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Old 08-18-2010, 09:14 AM
 
Location: Silver Spring,Maryland
884 posts, read 2,312,461 times
Reputation: 629

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Quote:
Originally Posted by Sarah Perry View Post
There just isn't the business for enclosed malls there once was. People want store entrances directly off the parking lot, as you'll find at Rookwood and even Stone Creek Center just north of ailing Northgate. Yes, Kenwood Mall is thriving, but I'll bet research would show they're drawing their customers from a much larger geographic area than they were 20 years ago.

I miss the "enclosed" mall. I liked being able to linger 1/2 my day away. It was like going on a trip with my parents to Tri-County or Northgate. I used to love Tri County and remember when the Krogers was in there and it was only 1 story. Where else are the senior living places going to take the little vans full of seniors? It was cute to see them hang out on the benches : )
When I was dating my hubby I used to visit him at his job, we managed to have a LOT of fun at TC. That's when I saw first-hand how many of the suburbian kids were on drugs.

Last time I was in Ohio I was surprised to see Northgate dying but that side of town is going through some changes.

Forest Fair used to seem like a "magical" place when I was a kid. It was so big and fancy..lol loved going to the movies.
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Old 08-18-2010, 07:25 PM
 
Location: Temporarily in Pawtucket, R.I.
269 posts, read 632,210 times
Reputation: 137
Quote:
Originally Posted by Bigbluelandrover View Post
I miss the "enclosed" mall. I liked being able to linger 1/2 my day away. .
Females...I never understood how you guys can spend HOURS just looking around in a mall. Lol. My mom still does it now! Everytime my girlfriend and I go out of town, she always has to go to the local mall. Everytime we go to Cleveland, it's always Beachwood Mall, and when we go to Atlanta, it Lenox Square. I've seen quite a few celebs at Lenox btw...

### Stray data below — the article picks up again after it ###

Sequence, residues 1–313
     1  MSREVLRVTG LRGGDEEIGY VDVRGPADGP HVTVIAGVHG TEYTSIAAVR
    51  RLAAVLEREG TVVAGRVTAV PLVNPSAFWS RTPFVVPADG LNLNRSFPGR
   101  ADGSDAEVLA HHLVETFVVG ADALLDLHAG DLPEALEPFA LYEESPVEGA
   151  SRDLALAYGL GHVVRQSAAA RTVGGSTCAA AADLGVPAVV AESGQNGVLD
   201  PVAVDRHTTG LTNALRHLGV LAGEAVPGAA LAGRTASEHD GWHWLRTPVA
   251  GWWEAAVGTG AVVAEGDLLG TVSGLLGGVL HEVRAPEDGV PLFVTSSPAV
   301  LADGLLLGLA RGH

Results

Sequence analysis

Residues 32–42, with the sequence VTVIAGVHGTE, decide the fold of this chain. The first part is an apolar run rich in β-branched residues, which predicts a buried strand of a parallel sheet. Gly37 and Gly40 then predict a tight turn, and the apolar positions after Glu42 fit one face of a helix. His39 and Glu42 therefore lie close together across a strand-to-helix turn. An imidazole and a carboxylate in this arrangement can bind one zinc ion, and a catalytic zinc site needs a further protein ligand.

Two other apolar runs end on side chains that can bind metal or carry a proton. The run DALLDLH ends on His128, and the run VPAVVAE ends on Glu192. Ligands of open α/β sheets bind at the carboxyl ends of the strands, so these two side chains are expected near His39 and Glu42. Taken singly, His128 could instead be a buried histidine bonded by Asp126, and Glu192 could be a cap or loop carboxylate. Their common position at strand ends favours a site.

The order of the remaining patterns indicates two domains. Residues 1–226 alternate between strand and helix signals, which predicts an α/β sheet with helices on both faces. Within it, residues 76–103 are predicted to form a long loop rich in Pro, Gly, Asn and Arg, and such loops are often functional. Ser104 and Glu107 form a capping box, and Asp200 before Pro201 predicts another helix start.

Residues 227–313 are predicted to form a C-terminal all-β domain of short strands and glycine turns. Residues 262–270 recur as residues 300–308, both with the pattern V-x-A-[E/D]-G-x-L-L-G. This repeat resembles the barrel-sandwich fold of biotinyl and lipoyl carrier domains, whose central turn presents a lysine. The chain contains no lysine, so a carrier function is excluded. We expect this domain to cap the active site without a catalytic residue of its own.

Quote:
Originally Posted by Sarah Perry View Post
There just isn't the business for enclosed malls there once was. People want store entrances directly off the parking lot, as you'll find at Rookwood and even Stone Creek Center just north of ailing Northgate. Yes, Kenwood Mall is thriving, but I'll bet research would show they're drawing their customers from a much larger geographic area than they were 20 years ago.
Yep! Malls are dying everywhere. Whenever I visit my hometown, it's depressing to see how fast one of the main malls there is going downhill. I spent a lot of Friday nights there as an early teen just hanging out and playing in the arcade. Now the arcade room is closed, most of the jewelry stores are gone, and one of the main anchors, Dillard's closed. Once you lose an anchor store, that's basically one foot in the grave.

It seems like a lot of the people who go to Kenwood Mall are visitors. I rarely go to the mall, but whenever I do, I notice a lot of confused faces and 'swiveling' heads looking in all directions and in the air.

And if you notice, a large majority of people do not even 'shop' anymore when they go in malls. It's almost like a fashion just to show off. Just take note of how many empty hands you see come out of the mall.
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Old 08-19-2010, 08:36 AM
 
Location: Silver Spring,Maryland
884 posts, read 2,312,461 times
Reputation: 629
Quote: